Mk1 Boar naval nuclear weapon The Boar (Bureau of Ordnance’s Atomic Rocket) was an early-1950s USN attempt to enable carrier-borne single-engine propeller warplanes (and first-generation naval jets) to employ atomic weapons in a tactical anti-ship context. It was also envisioned for supporting amphibious landings. The Boar was completely unguided. The tail rocket was simply a very crude self-contained combustion chamber which burned for three seconds. The warhead was the 20kT W7, which was a uranium fission model (TX-7E fissile component). The US Navy also used the same W7 warhead in the Mk90 atomic depth charge.

Tuesday, November 20, 2012

Important discovery on Mars?


Clearly the team needs to continue working to confirm any discovery before releasing the information.  It is pointless to speculate at this point, but also fun.  Here are my guesses in order from most likely/least exciting to most exciting/least likely:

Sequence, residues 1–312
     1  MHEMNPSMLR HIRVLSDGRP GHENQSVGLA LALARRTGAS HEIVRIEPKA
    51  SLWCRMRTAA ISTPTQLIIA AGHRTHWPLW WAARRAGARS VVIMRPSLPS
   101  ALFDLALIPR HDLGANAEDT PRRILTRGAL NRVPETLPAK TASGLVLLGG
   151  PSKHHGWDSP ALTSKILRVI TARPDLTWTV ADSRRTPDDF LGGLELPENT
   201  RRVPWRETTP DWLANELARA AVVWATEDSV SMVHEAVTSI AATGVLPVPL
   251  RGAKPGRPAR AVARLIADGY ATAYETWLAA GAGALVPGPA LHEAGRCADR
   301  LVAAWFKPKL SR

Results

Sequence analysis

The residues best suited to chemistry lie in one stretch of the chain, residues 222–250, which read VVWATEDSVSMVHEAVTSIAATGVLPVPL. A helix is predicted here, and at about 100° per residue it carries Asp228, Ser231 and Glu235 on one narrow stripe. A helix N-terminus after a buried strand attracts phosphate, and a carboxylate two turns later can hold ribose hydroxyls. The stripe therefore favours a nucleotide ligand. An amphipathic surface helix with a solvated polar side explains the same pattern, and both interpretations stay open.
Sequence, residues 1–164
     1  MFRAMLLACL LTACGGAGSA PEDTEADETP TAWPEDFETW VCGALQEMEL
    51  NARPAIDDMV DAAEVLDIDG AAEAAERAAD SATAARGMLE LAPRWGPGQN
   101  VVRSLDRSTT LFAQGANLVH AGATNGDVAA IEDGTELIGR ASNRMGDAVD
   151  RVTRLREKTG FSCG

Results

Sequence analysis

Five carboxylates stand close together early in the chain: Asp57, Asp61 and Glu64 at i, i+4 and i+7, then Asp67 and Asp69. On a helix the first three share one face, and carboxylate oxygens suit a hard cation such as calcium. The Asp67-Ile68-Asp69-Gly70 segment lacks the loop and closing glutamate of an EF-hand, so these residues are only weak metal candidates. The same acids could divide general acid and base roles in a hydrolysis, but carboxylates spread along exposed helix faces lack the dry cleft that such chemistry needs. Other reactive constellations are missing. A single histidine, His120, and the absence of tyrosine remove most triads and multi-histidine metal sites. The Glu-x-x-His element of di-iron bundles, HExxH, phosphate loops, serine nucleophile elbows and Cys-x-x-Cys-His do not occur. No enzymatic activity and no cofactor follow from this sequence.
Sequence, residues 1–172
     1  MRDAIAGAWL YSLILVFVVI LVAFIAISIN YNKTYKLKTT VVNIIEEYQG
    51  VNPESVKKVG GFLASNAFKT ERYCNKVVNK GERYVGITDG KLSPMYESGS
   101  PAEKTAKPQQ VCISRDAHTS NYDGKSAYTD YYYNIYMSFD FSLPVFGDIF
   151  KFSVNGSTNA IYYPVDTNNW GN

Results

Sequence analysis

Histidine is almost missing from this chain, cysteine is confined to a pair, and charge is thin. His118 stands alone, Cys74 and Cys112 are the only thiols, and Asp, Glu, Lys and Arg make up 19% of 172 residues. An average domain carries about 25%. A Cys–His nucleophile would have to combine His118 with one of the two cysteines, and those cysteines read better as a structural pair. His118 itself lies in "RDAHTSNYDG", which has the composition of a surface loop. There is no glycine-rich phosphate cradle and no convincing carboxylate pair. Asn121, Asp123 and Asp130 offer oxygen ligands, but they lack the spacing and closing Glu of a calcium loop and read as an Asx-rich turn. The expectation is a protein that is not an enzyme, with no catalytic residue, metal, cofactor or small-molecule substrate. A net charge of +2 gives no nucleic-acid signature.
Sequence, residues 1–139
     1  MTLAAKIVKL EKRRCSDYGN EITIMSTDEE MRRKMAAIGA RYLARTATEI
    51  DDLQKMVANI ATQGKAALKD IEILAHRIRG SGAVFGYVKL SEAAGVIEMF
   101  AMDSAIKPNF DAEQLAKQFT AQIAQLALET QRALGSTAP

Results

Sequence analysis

Methane
Amino acids
Biological molecules like RNA, DNA, proteins, fixed nitrogen (ammonia)

I think a smoking gun for life, such as RNA, would not have been announced in this way at all, instead it would have fallen on the president to announce it.  Also, I do not know if this device is capable of identifying RNA.  Similarly, I think the methane discovery may not be important enough to generate this kind of buzz.  So I will settle on amino acids, though they would most likely be from space rather than a biological source.

Any other ideas?  Post a comment if you have a guess.

Friday, November 16, 2012

"99K" a P to N rocket project